The Ghana Education Service (GES) has urged heads of senior high schools (SHSs) in the country that have specific concerns to use the relevant channels to liaise with it to deal with those concerns.Follow @Graphicgh
It said the service was committed to quality education delivery goals in the country at all levels and was working to ensure that any challenges were resolved in an expedited manner.
Reacting to the lead story in the Monday November 20, 2017 issue of the Daily Graphic, the Ag. Director-General of the GES, Prof Kwasi Opoku-Amankwa said, the attention of the GES was drawn to the news report by the outgoing President of the Conference of Assisted Senior High Schools (CHASS), Mrs Cecilia Kwakye Coffie, who was quoted to have made a wide range of statements, particularly on the running of the SHSs in the country.
At the 68th Speech and Prize-giving Day of the Winneba SHS in Winneba last Saturday Mrs Coffie called on the government, “as a matter of urgency, release subsidies, which have been in arrears for three terms to senior high schools,” saying that “SHSs risked being closed down prematurely if the absorbed fees by the government did not reach the schools immediately.”
But in a rebutal, Prof Opoku-Amankwa said both the subsidies and Progressively Free SHS programme, which were in arrears of GH¢25,469,885.50 and GH¢17,972,658 respectively as at January 2017 in respect of the first term of the academic year had been paid.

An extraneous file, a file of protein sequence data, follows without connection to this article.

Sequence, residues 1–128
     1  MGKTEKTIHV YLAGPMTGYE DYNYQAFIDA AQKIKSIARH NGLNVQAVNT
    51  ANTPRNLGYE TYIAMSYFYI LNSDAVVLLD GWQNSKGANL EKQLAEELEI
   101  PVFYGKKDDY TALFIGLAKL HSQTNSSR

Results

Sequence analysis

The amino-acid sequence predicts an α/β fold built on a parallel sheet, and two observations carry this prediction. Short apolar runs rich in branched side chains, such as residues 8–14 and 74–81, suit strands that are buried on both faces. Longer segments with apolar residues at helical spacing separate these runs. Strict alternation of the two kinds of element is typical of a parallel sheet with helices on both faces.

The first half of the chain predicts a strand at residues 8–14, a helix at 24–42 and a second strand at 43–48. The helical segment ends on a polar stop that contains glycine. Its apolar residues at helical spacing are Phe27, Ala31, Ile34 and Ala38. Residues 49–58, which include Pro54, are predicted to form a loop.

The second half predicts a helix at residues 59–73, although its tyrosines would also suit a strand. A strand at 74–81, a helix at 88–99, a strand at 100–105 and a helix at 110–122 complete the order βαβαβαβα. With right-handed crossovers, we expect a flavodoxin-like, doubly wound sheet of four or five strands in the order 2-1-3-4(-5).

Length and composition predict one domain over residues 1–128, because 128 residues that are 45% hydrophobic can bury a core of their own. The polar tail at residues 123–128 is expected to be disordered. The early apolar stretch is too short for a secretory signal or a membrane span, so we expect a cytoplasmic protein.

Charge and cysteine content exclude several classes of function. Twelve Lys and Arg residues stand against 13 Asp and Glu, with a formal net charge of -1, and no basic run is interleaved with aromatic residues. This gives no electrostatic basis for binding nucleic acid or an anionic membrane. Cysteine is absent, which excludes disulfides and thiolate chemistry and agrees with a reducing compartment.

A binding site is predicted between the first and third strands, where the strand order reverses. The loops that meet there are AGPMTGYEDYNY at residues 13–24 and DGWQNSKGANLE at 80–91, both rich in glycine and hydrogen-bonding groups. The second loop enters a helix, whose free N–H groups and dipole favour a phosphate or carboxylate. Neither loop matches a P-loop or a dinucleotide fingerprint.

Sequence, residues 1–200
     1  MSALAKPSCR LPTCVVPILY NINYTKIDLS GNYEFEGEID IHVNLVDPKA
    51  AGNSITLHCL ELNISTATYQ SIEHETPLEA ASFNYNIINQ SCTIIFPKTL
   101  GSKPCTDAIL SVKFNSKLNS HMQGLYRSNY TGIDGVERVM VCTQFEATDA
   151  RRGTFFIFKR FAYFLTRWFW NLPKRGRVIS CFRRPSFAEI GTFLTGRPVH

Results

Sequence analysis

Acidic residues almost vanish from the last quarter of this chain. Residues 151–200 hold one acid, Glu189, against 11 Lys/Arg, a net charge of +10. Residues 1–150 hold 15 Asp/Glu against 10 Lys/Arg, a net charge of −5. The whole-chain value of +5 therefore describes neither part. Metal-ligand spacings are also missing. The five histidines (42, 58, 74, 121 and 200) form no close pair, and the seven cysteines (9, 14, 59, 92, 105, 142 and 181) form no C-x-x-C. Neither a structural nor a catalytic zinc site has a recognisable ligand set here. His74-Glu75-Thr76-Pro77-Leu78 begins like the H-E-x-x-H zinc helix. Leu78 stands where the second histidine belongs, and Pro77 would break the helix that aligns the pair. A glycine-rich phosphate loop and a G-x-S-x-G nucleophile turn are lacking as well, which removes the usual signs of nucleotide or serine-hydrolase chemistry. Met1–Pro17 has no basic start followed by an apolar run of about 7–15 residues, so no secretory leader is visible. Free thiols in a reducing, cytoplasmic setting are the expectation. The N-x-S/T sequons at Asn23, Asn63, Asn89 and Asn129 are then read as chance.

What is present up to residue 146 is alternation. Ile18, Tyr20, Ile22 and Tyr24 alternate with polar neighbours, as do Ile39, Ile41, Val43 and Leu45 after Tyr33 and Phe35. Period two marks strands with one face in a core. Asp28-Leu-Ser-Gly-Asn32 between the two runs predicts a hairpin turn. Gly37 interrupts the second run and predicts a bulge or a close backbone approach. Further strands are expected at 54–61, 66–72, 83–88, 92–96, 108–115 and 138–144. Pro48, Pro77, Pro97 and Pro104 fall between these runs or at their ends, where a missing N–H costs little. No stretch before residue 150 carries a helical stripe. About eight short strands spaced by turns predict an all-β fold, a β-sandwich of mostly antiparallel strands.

Subsidies and Progressively Free SHS
“The arrears in respect of the third term of the 2015/16 academic year, amounting to GH¢8,653,176 have also been paid.
“Further, GH¢10,128,090.21 for the Progressively Free SHS programme relating to the second term of the 2016/17 academic year has been paid, leaving an outstanding amount of GH¢7,844,567.79.
“The subsidies for the second term, together with both subsidies and the Progressively Free SHS arrears are still outstanding and are being processed for payment,” Prof. Opoku-Amankwa announced.
He, however, wondered how, the arrears of subsidy, which was just GH¢30.80 per student per term out of the total school fees of GH¢1,002.67, representing 3.07 per cent, could result in the prematured closure of schools, and assured the general public that the SHSs would not close down prematurely.
Prof Opoku-Amankwa explained that the arrears had always immanated from the fact that, while the Ministry of Finance worked on a quarterly calendar cycle, the schools operated on a trimester basis.
“This apparent conflict does have an impact on the payment cycle, and the Ministry of Education is actively engaged in discussions with the Ministry of Finance to find a way of reconciling the two cycles to prevent the regular spectre of arrears,” he explained.
Prof Opoku-Amankwa said the GES was surprised that Mrs Coffie, who was part of stakeholders to agree that the National Food Buffer Stock Company (NAFCO) would register all suppliers of the schools and would be required to pick up the non-perishable items from the company for supplies to the schools, “could come out to say that since the buffer stock company took charge of the supply of food items on the directive of the government, no supply had been made to the schools.”
He said the GES did not hide from stakeholders that there were initial challenges but gave an assurance that a team made up of the Ag. Deputy Director-General of the GES, the Chairman of the GES Council, the Coordinator of the Free SHS Secretariat and a representative from the NAFCO was currently on a nation-wide tour to meet with the suppliers and school heads to address the various challenges.